Boris Johnson’s announcement on the 23rd June confirmed what many had been hoping; that campsites in Britain will be able to open to the public from 4th July, provided that the appropriate measures were put in place. Immediately following the announcement, campsite phones began ringing off the hook. Internet booking sites for campsites also reported a huge amount of traffic the likes of which they have never see before as people rush to book holidays at home. This is something that in these current times is seen by many as a preference to sitting on a plane in relative proximity to others and then potentially facing 14 days of quarantine on their return.
One site who specialise in taking bookings for around 700 campsites, 420 of which are in England, reported that their bookings were up a staggering 750% compared to this time last year. Whilst many of these campers will be old hands looking forward to returning to camping, there will also be plenty of first-time campers. It was also recently reported that online sales of camping equipment were up 460% on the previous year.
So, if you are a new comer to the world of camping, or it has been a few years since you spent the night under canvas then there are a few ground rules that you should brush up on before you head off on your outdoor adventure.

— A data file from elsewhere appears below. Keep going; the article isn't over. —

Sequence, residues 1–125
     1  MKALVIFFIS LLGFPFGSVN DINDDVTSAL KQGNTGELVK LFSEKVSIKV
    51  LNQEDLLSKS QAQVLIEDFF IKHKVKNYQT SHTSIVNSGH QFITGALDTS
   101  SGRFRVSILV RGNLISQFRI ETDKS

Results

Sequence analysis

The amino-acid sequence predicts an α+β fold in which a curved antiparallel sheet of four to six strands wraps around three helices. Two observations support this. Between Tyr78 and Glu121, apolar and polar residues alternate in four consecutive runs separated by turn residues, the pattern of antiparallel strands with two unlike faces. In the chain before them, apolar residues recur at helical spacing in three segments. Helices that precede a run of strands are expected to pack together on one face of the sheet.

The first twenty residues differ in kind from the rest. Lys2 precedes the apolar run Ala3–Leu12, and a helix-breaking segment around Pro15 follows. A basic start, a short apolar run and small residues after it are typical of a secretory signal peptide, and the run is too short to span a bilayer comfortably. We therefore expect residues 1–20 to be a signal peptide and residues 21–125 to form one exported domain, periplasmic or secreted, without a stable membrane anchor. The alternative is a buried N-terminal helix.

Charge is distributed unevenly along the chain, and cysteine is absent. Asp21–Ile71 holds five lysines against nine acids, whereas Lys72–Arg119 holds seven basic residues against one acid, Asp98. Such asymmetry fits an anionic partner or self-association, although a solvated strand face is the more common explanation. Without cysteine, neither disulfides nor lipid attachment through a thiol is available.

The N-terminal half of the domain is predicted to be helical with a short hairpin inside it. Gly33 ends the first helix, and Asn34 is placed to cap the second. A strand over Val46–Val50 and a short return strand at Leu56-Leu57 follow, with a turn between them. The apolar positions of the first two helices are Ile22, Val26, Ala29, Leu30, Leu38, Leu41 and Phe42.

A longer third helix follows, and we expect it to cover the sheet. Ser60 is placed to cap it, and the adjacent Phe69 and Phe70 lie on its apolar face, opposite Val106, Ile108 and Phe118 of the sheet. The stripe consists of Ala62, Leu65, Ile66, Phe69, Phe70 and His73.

Before you begin
Good camping etiquette begins when you are thinking of making your booking. You need to pick a campsite that is suitable for your needs. If you are new to camping it might be best to ease yourself in gently and select a site with good facilities, easy access to the shops and even places to eat just in case things do not go according to plan, or when you discover you have forgotten to pack something important.
If you have younger children, you will want to factor them into your choice of campsite. Is there a play area that they will be able to use? Can children ride their bicycles on the campsite? (some sites do not like children cycling around). Is there a family room in the shower block? – this is a larger room with a shower, changing table, a sink and room for an adult to comfortably shower a child.
If you have a dog, you will need to check that your furry friend will be welcome. Some campsites operate pet-friendly fields that are a little separate to the other areas of the site and may even have designated dog walking areas.
Arriving at the campsite
Check if the campsite has specific arrival times before you head off. While campsites in general are more lenient about arrival times than hotels, there can still be some issues if you arrive too early. Some campsites are located down narrow roads which can make getting there trickier, especially if they have caravan pitches. Arriving too early may mean that you will meet a lot of people who are leaving and make passing difficult. On a busy campsite the previous campers may not have vacated the pitch, meaning you will have to wait around.